Southern Baptists Launch New Small Group Study About Threats to Religious Freedom in America

The Southern Baptist Convention's public policy arm has teamed up with LifeWay Christian Resources to produce a new six-week study that will teach church members about the ongoing threats to religious freedom that Christians face across the country.

SBC's Ethics & Religious Liberty Commission has announced a new small group study called Religious Liberty: How the Gospel Shapes Our First Freedom. The study is comprised of six different sessions and includes interviews with over 70 different pastors, scholars and Christian thought leaders.

The study's six sessions are titled "Religious Liberty and Today's Culture," "Religious Liberty and the Bible," "Religious Liberty and the Christian Mission," "Religious Liberty and the Common Good," "Religious Liberty in the Public square" and "Religious Liberty and Common Objections."

"In an age when religious liberty is increasingly imperiled, we all need to be reminded that religious liberty isn't a partisan political idea," ERLC President Russell Moore said in a statement. "It's a fundamental part of being made in the image of God, and being created with a conscience that is answerable ultimately to Christ, not Caesar. My prayer is that this study will help believers and churches dismantle myths and misconceptions and help the body of Christ be faithful in its witness in the years ahead."

"Our goal in producing this curriculum is to equip churches to see religious liberty as it is — grounded in the gospel," Moore added.

The main authors of the study's curriculum are ERLC Executive Vice President Phillip Bethancourt and ERLC Director of Policy Studies Andrew Walker. The kit includes a study book and a DVD that features six 15-to-20 minute interviews.

"It is religious liberty that helps chart a path for the Great Commission and helps us pursue the mission of loving our neighbor, both here and around the world," an online description of the study reads. "But this means Christians should care about religious liberty for all people — not just Christians. Religious liberty is a principle that applies in every area of our lives because it serves the common good. We don't have to like the beliefs of others, but we should respect their right to hold them."

"Religious liberty is not about promoting a Christian order or retrieving a nostalgic past; it is about promoting a vision of society that protects our conscience and allows the free expression of ideas," the description continues. "The Gospel doesn't need a state to back it up. Religious liberty is an expression of our confidence in the Gospel."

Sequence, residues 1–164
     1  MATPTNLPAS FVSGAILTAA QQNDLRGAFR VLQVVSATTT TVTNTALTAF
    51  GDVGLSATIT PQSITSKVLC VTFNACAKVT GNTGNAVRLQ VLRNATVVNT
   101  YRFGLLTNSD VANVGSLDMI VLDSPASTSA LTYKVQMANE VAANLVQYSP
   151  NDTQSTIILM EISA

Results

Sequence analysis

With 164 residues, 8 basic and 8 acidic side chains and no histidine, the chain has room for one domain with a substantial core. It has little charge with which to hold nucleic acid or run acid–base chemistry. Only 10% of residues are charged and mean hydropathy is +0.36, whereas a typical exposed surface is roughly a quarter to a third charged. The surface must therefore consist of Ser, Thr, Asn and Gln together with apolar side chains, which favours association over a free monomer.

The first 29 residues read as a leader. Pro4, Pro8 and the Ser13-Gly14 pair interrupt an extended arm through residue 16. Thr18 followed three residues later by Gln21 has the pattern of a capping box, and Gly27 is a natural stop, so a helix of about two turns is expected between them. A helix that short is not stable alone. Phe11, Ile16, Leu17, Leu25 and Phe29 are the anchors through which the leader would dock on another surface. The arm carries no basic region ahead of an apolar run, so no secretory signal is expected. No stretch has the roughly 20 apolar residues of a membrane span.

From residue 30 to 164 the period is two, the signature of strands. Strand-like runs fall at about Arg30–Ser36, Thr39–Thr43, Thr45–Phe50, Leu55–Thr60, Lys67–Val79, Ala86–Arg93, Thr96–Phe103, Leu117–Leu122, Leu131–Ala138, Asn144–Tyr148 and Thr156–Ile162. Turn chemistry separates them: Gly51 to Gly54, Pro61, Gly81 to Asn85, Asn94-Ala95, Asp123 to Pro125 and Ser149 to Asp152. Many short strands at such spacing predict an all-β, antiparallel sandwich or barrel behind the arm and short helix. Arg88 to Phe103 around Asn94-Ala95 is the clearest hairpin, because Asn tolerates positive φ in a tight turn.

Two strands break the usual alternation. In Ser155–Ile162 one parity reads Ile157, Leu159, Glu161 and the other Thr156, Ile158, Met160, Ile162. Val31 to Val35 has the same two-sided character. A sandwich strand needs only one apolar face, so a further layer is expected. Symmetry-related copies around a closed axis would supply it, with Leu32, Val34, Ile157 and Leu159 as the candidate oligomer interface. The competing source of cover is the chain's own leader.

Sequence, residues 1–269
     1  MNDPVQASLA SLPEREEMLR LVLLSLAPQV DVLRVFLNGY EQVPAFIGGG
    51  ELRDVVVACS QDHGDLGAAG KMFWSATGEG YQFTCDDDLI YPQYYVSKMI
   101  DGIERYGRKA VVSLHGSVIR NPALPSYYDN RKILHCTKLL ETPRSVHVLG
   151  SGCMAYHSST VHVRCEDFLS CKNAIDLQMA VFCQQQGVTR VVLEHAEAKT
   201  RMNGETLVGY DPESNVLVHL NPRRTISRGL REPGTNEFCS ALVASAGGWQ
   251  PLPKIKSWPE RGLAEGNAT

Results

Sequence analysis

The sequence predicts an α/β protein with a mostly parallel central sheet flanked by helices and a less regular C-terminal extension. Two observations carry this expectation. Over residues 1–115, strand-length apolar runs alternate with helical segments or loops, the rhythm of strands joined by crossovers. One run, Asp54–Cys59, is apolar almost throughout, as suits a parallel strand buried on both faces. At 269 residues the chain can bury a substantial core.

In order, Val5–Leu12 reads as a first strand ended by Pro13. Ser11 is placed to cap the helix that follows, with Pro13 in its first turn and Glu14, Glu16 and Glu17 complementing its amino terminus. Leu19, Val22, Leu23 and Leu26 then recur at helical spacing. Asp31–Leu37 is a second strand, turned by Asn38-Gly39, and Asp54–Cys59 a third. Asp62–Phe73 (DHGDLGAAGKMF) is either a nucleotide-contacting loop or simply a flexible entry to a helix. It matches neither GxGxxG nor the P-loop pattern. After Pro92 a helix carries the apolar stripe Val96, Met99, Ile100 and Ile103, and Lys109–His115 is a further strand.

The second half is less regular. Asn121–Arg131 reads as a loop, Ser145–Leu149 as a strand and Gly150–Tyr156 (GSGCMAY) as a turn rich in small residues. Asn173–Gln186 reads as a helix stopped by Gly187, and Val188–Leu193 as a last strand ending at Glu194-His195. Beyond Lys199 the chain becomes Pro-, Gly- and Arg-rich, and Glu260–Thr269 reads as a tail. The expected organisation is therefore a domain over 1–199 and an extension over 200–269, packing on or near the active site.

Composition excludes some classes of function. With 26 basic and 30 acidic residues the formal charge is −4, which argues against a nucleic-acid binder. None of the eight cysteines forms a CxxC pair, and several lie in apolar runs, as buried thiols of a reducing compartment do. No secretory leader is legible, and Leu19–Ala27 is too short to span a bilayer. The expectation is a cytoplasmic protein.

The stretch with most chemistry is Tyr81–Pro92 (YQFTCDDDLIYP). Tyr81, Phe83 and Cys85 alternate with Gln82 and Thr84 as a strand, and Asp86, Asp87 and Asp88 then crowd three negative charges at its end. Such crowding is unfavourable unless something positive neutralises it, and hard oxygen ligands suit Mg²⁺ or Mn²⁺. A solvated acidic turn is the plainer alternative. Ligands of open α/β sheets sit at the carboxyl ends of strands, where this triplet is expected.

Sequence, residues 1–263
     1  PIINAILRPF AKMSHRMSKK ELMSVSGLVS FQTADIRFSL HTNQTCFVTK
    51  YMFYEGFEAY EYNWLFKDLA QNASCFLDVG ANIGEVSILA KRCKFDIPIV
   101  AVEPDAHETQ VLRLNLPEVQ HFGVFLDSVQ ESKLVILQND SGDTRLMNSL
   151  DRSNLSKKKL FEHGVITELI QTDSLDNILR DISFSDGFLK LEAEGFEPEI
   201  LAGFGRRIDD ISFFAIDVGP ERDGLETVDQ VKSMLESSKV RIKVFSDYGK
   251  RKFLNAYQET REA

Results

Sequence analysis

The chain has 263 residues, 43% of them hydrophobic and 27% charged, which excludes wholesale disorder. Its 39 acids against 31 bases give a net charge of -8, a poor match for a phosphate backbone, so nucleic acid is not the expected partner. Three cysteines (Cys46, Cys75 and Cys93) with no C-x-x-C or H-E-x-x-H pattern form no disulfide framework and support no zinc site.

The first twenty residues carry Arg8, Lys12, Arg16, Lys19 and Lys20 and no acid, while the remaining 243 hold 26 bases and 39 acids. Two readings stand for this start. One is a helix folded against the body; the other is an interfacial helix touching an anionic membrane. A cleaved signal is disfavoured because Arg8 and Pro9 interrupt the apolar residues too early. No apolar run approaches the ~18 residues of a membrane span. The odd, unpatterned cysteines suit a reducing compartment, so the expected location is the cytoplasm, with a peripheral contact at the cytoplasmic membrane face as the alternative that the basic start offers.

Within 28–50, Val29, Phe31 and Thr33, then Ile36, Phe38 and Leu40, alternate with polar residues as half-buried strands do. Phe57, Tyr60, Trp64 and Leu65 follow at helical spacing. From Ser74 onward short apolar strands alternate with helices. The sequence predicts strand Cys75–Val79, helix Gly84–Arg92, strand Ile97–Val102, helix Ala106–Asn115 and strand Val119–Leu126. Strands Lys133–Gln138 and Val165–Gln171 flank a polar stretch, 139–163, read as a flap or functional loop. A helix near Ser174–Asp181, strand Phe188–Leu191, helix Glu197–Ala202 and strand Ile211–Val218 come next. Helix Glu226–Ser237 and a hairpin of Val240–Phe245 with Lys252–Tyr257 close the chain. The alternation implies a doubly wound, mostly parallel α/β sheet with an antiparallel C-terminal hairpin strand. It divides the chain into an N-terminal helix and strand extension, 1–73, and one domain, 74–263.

According to Baptist News Global, the study describes religious liberty as under siege in the United States and touches on cases where Christian business owners and government officials have experienced backlash to their Christian convictions on issues like marriage and sexuality.

The study makes mention of the Christian bakers and florist who have been fined over their refusals to work gay weddings because of their Christian beliefs.

"Today, American society has changed in ways that put the beliefs of many Christians at odds with the policies of national, state, and local governments. Gay marriage is a prime example," an online sample of the study reads. "Christians often find that they cannot compromise on a fundamental Christian belief when law requires some affirmative act on their part. And thus we have the cases of florists, bakers, photographers and others who have been subject to real coercion from American governments who do not respect their wish not to participate in a ceremony or ritual with which they strongly disagree."

In the lesson, Alliance Defending Freedom founder Alan Sears cited the case of Kelvin Cochran, who was fired from his role as Atlanta Fire Chief by the city's mayor in 2015 because of a book he wrote for his Bible study in which he labeled homosexuality as "sexual perversion."

"All across the United States we see people right now who are being persecuted for following the teaching of their faith," BNG quotes Sears as saying in a lesson video. "We're having people being told they can't own a business or be in the public commerce stream. We're having people told that they cannot hold public employment because of certain beliefs."

Walker told Baptist Press that religious freedom in America faces "challenging headwinds like never before" and that it is "urgent that Christians understand the relevance and necessity of religious liberty."

The study also refutes the claim by those on the Left that religious freedom in relation to LGBT issues is just a guise for discrimination.

"One of the major misconceptions in the debate over non-discrimination laws related to sexual orientation is the belief that Christians are trying to create a gay/straight apartheid or recreation of Jim Crow Southern segregation," the sample lesson asserts. "Such an interpretation is deeply misguided. The simple reality is that respecting religious liberty is a way for us to live together without crushing faith and conscience. Religious liberty helps us to live in peace."

The study also teaches Christians that they must also be in favor of religious freedom for people of other faiths, such as Muslims, Jews, Hindus, etc. Last year, ERLC joined onto an amicus brief in support of New Jersey Muslims suing for the right to build a mosque.

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